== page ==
The ticket-sellers found our reliance on Lonely Planet's suggested price structure unconvincing, and physically pushed your correspondent away from the door. Not jostled, but the kind of push that a junior-high student delivers another when trying to provoke a fight. Perhaps even a "What are you gonna do about it?!" push. Your correspondent, ever the diplomat, restrained himself from pushing back, but I admit it took a bit of an effort to convince myself that de-escalation was probably the right call. One of the ticket-seller's goon companions was a guy who looked about 55 years old, but had a rod of bamboo about an inch thick and four feet long that I saw him swing forcefully and eagerly at a bunch of kids who were apparently too close to the door for his desire. He brandished it, threatening tourists who didn't want to pay their bribe (not limited to us at this point). Had it come to that, I can't promise that my restraint would have continued. He was wiry, but I could have taken him, stick or no. It did not come to that, but definitely not a public relations win for the Indian people.
In the end, we chose not to pay, and chose not to enter the mosque, which from what we could see of the courtyard through the door, was pretty similar to the one we'd seen in Fatepur Sikri, pictured again below.
Friday, November 11, 2011
The primary decorative feature of the car we hired to take us to Agra and back. I find this Indian style of spiritual art really creepy. It's not just that the characters portrayed are occasionally blue. In this case the faraway eyes are part of it - although this is not a particularly egregious instance of creepiness. The little images by the steering column here are actually better examples. The weird airbrushed perfection of the figures is the closest thing I can put my finger on - they are perfectly drawn and realistically shadowed and yet idealized in posture and form, and glowing like a poorly executed HDR. But it doesn't seem like that's a complete explanation. I'm mystified by these images. Maybe that's the point.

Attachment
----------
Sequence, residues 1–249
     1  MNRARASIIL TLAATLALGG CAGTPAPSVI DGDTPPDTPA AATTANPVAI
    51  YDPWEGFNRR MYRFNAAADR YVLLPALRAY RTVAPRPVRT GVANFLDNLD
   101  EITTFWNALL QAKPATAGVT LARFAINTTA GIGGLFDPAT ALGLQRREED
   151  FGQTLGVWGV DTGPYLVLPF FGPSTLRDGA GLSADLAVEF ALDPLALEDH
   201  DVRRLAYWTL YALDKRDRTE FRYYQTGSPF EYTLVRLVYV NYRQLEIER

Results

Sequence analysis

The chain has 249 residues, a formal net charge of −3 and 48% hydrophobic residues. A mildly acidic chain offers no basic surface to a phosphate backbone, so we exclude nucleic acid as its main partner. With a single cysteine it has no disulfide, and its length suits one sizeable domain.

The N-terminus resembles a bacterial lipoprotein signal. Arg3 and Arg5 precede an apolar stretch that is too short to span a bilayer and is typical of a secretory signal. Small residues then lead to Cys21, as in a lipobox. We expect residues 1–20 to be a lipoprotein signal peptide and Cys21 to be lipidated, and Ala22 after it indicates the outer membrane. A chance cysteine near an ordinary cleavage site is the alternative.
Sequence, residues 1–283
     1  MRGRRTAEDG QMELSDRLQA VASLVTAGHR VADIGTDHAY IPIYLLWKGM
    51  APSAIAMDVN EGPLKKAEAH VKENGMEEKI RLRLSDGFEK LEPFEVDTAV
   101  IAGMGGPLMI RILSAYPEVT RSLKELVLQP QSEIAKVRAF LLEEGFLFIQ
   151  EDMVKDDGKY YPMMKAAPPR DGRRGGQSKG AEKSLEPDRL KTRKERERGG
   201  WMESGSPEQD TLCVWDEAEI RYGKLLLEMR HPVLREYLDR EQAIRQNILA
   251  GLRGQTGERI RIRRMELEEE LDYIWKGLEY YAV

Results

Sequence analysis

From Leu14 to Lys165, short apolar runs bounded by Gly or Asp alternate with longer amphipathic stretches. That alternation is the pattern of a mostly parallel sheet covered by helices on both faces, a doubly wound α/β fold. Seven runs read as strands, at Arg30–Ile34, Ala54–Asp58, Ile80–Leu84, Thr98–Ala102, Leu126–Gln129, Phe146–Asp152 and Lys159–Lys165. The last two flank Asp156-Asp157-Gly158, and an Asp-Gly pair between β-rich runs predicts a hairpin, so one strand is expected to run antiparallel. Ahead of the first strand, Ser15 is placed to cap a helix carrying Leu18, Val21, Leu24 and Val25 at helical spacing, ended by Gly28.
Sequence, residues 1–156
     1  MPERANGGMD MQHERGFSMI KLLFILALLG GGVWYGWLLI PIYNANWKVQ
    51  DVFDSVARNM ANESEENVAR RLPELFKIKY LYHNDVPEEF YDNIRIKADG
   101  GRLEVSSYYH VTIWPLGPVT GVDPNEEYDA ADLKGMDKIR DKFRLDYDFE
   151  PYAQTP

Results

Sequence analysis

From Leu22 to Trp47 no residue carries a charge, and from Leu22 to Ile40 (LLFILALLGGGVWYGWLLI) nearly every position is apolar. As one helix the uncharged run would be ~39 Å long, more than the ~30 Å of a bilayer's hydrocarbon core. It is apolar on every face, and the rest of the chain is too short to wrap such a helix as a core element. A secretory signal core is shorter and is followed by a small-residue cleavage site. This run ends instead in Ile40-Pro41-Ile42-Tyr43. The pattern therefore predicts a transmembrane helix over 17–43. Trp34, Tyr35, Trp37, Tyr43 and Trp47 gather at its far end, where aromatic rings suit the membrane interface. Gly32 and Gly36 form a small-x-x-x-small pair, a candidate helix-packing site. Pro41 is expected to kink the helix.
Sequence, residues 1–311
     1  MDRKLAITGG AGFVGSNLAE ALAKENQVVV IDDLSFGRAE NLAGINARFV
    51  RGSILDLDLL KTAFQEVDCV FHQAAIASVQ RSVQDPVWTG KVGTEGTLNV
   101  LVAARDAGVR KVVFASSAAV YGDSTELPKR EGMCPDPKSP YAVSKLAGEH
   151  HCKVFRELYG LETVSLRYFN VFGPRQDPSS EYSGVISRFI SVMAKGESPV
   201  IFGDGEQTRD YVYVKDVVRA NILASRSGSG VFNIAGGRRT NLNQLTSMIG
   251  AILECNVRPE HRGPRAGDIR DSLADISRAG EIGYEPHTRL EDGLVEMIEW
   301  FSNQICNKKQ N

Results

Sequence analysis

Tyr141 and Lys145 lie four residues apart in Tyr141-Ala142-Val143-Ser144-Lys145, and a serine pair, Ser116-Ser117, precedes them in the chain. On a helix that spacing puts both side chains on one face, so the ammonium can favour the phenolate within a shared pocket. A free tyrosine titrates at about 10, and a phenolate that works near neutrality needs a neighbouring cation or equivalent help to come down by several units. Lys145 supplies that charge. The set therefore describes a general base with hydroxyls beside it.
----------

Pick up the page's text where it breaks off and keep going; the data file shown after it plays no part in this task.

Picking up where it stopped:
I suppose contemporary Christian vernacular figurative art is equally creepy, although I'm having a hard time thinking of specific examples. More satisfying explanations welcomed.
Thursday, November 10, 2011
Wednesday, November 09, 2011
The photo department has realized that our year of photographing everything in Hollavision has really paid dividends in our shooting-from-a-moving-vehicle skills. Lots of pictures from India that landed among our favorites were from the long drive from Delhi to Agra, or vice versa. Or perhaps the boredom of sitting in a car for a few hours led to a higher volume of photography, so discarding the standard 99% left more keepers after the cull.
In any case... how awesome is this totally highway-worthy tractor?!
Tuesday, November 08, 2011
Monday, November 07, 2011
Despite the proliferation of options in the consumer wonderland of the U.S., I'm not totally sure I would know where to go if I wanted someone else to shave my chin-whiskers for me. I guess some old-fashioned barber shop might still do this?
Pictured above is actually one of the fancier barber shops we happened upon, what with the modest but serviceable space and the two actual barber-shop chairs. It seems that all one needs to be a barber in Delhi is ownership of a straight-back chair, a mirror, a pair of scissors, and a spot on the sidewalk. Which is fine - on a policy note (fret not: no foreign policy relevance), why should barbers have to be licensed by the government? The risk of a bad haircut seems like the kind of thing the private sector would pretty quickly take care of. Perhaps a relic of the days like the above when being a barber involved holding a straight blade to someone's throat?
Sunday, November 06, 2011
This is a detail from a fountain at one of the opulent palaces we visited. The Red Fort in Agra, we believe. But hard to say for sure.
With nothing further to add about that, I will note this: You know you have chosen to visit India in the hot season when the Indian newspapers have headlines about the heat and pictures of actual Indians who should be used to it mopping their brows and other such outward indicators of discomfort.
Saturday, November 05, 2011
Your correspondents had always known what the Indians call an auto-rickshaw as a tuk-tuk, perhaps only because we visited Thailand long before visiting India. They are ubiquitous in Delhi. And, awesome. We zipped all over that city on a pittance thanks to the auto-rickshaw. Our hotels kept wanting to get us fancy closed-in air conditioned taxis, which we accepted on occasion. But cars? They suck when compared to the mighty auto-rickshaw.
Friday, November 04, 2011